February 4, 2021

Narcissistic Personality Disorder: Symptoms, Causes, & Treatments

Narcissists are often described as being self-absorbed, vain, or overly confident. Most of us will display some level of narcissism from time to time. The difference between what might be considered “normal” narcissism and narcissistic personality disorder (NPD) is that the symptoms of NPD are far more significant are unlikely to change over time and cause significant distress in their personal, social, and/or occupational lives.

Narcissistic personality disorder is a serious mental health condition affecting approximately 5% of adults in the United States. 

Symptoms of NPD can develop in the later teen years, but for some, do not show up until early adulthood. Most professionals will not diagnose a personality disorder until the patient is a legal adult.

Symptoms of Narcissistic Personality Disorder

Narcissistic personality disorder is considered a Cluster B personality disorder in the DSM-V (Diagnostic and Statistical Manuel of Mental Disorders, 5th edition). The predominant traits shared among the personality disorders making up Cluster B are emotional dysregulation and difficulty in relating to others. 

Those with narcissistic personality disorder experience a pervasive and inflated sense of self-importance and superiority. This leads to an unhealthy fixation on the self. This self-fixation is reflected in thoughts, feelings, and actions and leads to significant impairment in all areas life.

General Symptoms

  • Inflated sense of self-importance and superiority
  • Desire for admiration
  • Sense of entitlement 
  • Arrogance
  • Fantasies about achieving high levels of power and success
  • Wanting to only associate with “high-status” individuals
  • Frequent thoughts of being more important, powerful, successful, or attractive than others

Symptoms in Relationships

Individuals with narcissistic personality disorder have great difficulty in forming and sustaining relationships.

Those with NPD experience impairment in relationships of all kinds– with romantic partners, family members, business colleagues, and friends. The tendency toward interpersonal exploitation, or the willingness to take advantage of others, is the most significant symptom of NPD leading to relationship problems.

Other features of narcissistic personality disorder that contribute to impaired relationships include:

  • Diminished capacity for empathy
  • Willingness to take advantage of others (especially to achieve personal goals)
  • Difficulty listening to others
  • Tendency to monopolize conversations
  • Strong desire/need for control in relationships (often leading to manipulative behaviors)
  • Lack of awareness or consideration of others – individuals with NPD are usually apathetic toward the emotional, mental, or psychological needs of others.  
  • Prone to envy for those perceived as having a higher status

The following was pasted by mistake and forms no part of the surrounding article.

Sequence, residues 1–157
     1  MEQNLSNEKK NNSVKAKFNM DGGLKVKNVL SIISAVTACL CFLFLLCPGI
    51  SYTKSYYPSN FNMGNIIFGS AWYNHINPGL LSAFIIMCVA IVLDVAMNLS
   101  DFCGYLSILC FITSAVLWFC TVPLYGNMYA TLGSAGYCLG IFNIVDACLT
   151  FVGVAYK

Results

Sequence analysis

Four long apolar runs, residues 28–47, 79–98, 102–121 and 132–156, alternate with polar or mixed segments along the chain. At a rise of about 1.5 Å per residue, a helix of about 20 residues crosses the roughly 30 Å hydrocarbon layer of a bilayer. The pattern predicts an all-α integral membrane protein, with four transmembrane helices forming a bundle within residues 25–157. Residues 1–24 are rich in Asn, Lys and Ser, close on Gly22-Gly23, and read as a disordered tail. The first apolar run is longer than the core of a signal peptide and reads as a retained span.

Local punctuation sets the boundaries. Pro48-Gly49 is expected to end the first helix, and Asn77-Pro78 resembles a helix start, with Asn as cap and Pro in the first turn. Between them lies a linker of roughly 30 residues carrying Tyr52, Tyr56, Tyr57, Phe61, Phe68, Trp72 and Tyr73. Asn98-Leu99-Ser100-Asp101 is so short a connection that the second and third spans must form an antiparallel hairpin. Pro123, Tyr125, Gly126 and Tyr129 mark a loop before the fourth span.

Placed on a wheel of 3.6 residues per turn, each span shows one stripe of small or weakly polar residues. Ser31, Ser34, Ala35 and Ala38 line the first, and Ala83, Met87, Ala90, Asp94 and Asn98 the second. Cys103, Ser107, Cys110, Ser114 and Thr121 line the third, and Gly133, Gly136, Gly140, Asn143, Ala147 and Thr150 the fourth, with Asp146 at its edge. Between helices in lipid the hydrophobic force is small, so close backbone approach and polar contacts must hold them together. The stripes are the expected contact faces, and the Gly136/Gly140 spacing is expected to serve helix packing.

• Distant or “cold” demeanor
  • Indifference regarding the negative effects of their behaviors on others
  • Inclination to insult or blame others
  • Quick to end relationships over small or imagined issues 

Other Associated Symptoms

Individuals with narcissistic personality disorder are inclined to exaggerate personal accomplishments, skills, or talents. This exaggeration fuels the already heightened sense of superiority. this inflated sense of superiority can come across as unshakeable, indestructible confidence. Yet, those with NPD have a surprisingly difficult time receiving criticism.

Any criticism is typically met with expressions of anger disproportionate to the nature of the criticism. This is because at their core, those with NPD are actually quite insecure and suffer from deep-seated self-esteem issues. These self-esteem issues not only lead to anger expressions, but also defensiveness.

Many with NPD use the following defense mechanisms as a way to “protect” their fragile ego.

  • Idealization – attributing excessive and exaggerated positive qualities to self  
  • Devaluation – attributing excessive and exaggerated negative qualities to others
  • Denial – rejecting a reality (despite what, at times, could be irrefutable evidence) as untrue due to the discomfort associated with accepting the reality.

Because of this fragile ego, those with NPD are more prone to feelings of shame, guilt, or worthlessness, often over minor incidents of day-to-day life. While the personal insecurities of someone with NPD may occasionally show through, the inflated self-concept (shown to the outside world) remains primarily stable.  

As with any mental health disorder, the spectrum of symptoms associated with NPD vary in prevalence and intensity depending on the individual. In more severe presentations of narcissistic personality disorder, individuals may experience paranoia, aggression, or even sociopathy. 

Symptomatology of Narcissistic Subtypes

Although not recognized by the DSM-5, some in the psychology world describe different subtypes of narcissistic personality disorder – grandiose narcissism, vulnerable narcissism, high-functioning narcissism, and malignant narcissism.

Grandiose narcissism, also called overt narcissism, is characterized by grandiose traits such as arrogance and egotism.

Covert narcissism, occassionally called vulnerablenarcissism, is characterized by more covert traits like hypersensitivity and defensiveness.

Individuals with high-functioning narcissism have similar behaviors to those with grandiose narcissism yet seem to function better in society. High-functioning narcissists are usually able to “hide” their personality disorder to the outside world and use their narcissistic traits to achieve success.

Malignant narcissism presents the most severe set of symptoms. Individuals with malignant narcissism are those most likely to experience aggression and paranoia, and unfortunately, have the least desire for change.